RBA decision announced

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August 2018 

As widely predicted, the Reserve Bank of Australia has today left the official cash rate on hold at 1.50 per cent.

The decision marks 24 consecutive months of the record low interest rate and comes as no surprise given low inflation, record high housing debt, a slack labour market and more recently falling dwelling values.

Although low interest rates bode well for borrowers, rates being low for too long could have negative implications on overall economic and financial stability.

Banks are under pressure to raise their own interest rates ‘out of cycle’ of the RBA as the nations economy fails to improve quickly. Many economists predict that the RBA will not lift rates for the next one to two years, or even longer.

The banking industry is facing increasing stress on its net interest margins (which is essentially the difference between a bank’s interest income and the amount of interest it pays out to lenders). There are surging short-term borrowing costs, in particular the sharply rising 90-day bank bill swap rate (BBSW). This is resulting in a widening spread between the BBSW and the RBA’s official cash rate (1.50 per cent). The BBSW exceeded the RBA’s rate by 43 basis points (0.43pc) in March – averaging out to 52 basis points in July (0.52pc).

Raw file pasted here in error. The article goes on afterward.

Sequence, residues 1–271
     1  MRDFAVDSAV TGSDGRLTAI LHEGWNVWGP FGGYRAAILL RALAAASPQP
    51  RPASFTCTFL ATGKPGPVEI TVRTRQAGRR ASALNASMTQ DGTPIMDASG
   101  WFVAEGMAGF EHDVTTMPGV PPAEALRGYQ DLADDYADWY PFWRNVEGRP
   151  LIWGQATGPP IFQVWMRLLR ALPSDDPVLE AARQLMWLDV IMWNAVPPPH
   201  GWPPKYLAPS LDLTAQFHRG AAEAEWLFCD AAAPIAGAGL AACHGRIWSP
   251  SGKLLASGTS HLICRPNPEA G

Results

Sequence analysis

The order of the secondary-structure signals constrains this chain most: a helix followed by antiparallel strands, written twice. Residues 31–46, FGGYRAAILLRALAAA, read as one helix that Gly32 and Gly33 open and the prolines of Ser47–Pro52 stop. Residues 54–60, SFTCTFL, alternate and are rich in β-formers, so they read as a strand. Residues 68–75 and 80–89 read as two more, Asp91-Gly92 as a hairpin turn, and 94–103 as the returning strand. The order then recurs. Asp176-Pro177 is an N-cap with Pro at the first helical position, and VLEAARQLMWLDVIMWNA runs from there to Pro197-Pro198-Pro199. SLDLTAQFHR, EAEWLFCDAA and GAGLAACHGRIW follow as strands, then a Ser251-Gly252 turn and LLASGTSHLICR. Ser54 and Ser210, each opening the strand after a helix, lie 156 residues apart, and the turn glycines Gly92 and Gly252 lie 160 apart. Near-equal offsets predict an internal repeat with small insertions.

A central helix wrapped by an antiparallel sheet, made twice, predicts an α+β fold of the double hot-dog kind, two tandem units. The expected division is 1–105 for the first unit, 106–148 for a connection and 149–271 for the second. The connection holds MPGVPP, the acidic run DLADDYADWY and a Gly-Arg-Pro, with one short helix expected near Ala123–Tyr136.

BBSW is a short term money market benchmark interest rate. This determines the rate at which the major banks lend short term funding at.

If banks want to preserve their margins, they need to pass on the higher borrowing costs to their mortgage holders.

One of the reasons banks face surging short-term borrowing costs is the Federal Reserve and European Central Bank's policy direction to tighten their monetary policies. Australia is a jurisdiction reliant on foreign capital to help fund our economy because we have a shortage of savings relative to investment.

If the BBSW continues to rise above the RBA's cash rate, banks will need to pass this cost onto consumers through mortgage rate increases.

A number of banks have already lifted their annual home loan rates during July and it is predicted this will continue through the coming months.

For the official RBA article, please visit the Reserve Bank’s website.


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